If you have selected the respondents properly, you'll have a mix of individuals with varied skills and experience for your evaluation. Give them an overview of what a usability evaluation is, how it works, and what they can do to help you get the best information. If your site is not public yet, or if you're making major upgrades, have them sign nondisclosure forms. Here are a few things that I often tell respondents before starting an evaluation:
- Be honest in your responses. I didn't build the site you are evaluating, so you won't hurt my feelings with any criticism.
- It's not you who is being evaluated, but the site. We'll encounter some problems, but if the site was perfect, we wouldn't need to test it.
- As you move through the site, think aloud: verbalize what you are doing and why you are doing it.
- Don't do things any differently than you would if you were at home or at work. (Respondents often try too hard to complete tasks to appease the moderator. For example, make sure they don't spend more time reading instructions than they normally would.)
The Moderator's Job
Responses will be more insightful when the evaluation is run like a conversation rather than an interview. Don't bombard the respondent with rapid-fire questions. Weave multiple questions together to create real-life scenarios. Here are a few tips to keep in mind:
- When a respondent is frustrated or confused, don't belabor the point. The moderator only needs to see if the respondent could complete the task under "normal" conditions in a reasonable amount of time.
- When there is a problem so prominent that it will hang up every user, the moderator doesn't need to burn time and have every respondent address the same concern.
- When respondents identify a problem, make sure you clearly document it. Also, ask them how they would fix it. (And if they give you a really good answer, hire them on the spot!)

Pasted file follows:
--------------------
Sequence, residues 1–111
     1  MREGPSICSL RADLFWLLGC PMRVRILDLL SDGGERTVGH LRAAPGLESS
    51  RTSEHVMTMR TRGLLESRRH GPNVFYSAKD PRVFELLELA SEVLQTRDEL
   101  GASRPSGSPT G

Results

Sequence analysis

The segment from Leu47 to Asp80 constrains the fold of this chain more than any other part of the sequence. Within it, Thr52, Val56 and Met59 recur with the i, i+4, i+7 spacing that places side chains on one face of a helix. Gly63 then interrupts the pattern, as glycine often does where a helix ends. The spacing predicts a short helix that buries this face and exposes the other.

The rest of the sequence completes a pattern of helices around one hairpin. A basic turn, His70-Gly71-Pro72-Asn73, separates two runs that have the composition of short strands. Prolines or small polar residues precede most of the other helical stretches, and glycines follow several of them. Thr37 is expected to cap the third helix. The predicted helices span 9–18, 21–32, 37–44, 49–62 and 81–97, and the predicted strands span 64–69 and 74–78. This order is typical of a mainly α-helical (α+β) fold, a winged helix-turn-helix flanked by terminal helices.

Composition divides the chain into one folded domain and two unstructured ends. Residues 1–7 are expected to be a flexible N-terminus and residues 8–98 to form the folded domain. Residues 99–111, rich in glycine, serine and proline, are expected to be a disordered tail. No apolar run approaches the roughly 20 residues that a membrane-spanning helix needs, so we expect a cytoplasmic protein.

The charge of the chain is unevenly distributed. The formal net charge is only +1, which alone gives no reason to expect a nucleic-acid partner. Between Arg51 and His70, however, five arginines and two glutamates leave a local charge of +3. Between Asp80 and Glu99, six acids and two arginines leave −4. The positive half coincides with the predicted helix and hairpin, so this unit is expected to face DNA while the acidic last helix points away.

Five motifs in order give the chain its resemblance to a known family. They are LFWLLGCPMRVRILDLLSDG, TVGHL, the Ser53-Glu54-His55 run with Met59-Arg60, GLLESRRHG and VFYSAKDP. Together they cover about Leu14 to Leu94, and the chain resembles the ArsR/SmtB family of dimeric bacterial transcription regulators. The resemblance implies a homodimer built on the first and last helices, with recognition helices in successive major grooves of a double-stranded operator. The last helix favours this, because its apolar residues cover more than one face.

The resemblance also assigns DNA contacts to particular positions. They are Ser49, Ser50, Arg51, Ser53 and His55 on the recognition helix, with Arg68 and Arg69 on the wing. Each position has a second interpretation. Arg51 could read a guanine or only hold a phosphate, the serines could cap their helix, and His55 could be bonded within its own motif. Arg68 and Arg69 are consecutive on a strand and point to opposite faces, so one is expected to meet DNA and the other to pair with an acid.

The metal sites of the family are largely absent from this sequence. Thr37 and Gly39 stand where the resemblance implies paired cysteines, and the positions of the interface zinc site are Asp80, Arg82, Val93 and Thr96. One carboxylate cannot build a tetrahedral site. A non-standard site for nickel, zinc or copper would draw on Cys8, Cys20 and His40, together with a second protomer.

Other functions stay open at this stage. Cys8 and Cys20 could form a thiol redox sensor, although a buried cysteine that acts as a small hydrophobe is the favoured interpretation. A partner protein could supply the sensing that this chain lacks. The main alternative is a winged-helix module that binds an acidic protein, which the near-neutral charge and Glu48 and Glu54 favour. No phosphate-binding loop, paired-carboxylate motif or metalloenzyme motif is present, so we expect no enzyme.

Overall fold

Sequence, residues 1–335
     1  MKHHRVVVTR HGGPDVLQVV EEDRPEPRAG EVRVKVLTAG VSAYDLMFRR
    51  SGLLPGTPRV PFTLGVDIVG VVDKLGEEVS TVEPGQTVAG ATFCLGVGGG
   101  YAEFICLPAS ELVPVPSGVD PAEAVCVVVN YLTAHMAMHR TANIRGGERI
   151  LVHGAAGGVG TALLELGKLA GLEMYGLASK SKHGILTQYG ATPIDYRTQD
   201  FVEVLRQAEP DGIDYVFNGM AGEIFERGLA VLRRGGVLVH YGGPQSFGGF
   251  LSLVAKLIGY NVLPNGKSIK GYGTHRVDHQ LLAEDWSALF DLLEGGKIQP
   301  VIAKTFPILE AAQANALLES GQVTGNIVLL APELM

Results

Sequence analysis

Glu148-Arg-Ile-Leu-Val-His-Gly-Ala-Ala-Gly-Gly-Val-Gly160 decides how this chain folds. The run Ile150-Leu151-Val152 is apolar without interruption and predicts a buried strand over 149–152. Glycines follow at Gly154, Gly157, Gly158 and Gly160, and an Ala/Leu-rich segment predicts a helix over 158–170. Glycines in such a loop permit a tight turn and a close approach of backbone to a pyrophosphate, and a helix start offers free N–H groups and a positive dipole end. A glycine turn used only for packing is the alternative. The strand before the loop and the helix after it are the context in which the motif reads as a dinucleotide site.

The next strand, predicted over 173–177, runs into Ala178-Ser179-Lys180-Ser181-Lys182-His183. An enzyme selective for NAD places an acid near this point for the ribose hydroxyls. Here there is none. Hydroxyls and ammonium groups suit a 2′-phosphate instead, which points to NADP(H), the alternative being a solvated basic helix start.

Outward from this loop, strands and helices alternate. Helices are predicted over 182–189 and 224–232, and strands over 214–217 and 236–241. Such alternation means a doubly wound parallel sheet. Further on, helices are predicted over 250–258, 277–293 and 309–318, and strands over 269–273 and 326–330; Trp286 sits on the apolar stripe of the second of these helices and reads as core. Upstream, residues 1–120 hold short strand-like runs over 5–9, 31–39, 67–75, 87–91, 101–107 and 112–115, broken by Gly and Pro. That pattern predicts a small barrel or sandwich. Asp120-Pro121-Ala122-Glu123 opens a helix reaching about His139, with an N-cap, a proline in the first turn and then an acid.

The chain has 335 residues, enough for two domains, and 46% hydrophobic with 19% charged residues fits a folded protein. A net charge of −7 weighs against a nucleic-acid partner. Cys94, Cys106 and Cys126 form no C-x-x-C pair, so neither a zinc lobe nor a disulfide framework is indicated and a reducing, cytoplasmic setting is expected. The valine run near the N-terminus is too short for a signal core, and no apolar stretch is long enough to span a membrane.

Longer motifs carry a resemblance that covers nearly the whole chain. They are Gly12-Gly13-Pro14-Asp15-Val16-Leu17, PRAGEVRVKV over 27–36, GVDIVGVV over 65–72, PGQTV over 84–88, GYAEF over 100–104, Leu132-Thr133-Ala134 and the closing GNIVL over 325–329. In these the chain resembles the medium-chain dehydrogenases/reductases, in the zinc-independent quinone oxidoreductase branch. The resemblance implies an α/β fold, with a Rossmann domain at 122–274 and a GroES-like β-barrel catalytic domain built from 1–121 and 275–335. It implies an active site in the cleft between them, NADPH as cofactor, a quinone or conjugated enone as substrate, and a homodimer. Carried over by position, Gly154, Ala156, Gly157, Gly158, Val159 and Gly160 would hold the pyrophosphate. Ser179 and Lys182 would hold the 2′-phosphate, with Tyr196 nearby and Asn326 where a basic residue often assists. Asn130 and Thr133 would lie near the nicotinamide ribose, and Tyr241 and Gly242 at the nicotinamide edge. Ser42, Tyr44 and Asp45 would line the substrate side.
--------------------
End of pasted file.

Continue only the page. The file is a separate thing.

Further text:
Don't lead respondents. It's about their opinions, not yours. Don't say things such as "This is a great way to find products, isn't it?" If you think they're trying to make a point but can't quite articulate it, paraphrase what you think they are saying and ask if that's correct. For instance, you could phrase your question like this: "Just to make sure I understand you correctly, I think I hear you saying it was difficult to register for the site because it asked for too much information? Is that right?"
Look for body language and facial expressions. It's possible to observe emotions such as confusion, frustration, satisfaction, or surprise. Nonverbal communication is often more revealing than spoken responses.
It's hard to moderate and collect feedback at the same time. Have an assistant help take notes and observe. Make sure he or she captures quotes from the respondent, because that makes the final report more convincing. This is also a great way to expose other members of your team to the inner workings of a usability evaluation. Audio and video are good for archival purposes, but they increase cost and are rarely watched. If video was shot, it's useful to create a highlights reel.Seth Gordon is a frequent contributor to CNET Builder.com. In his spare time, Seth enjoys touring national parks and restoring mechanical antiques.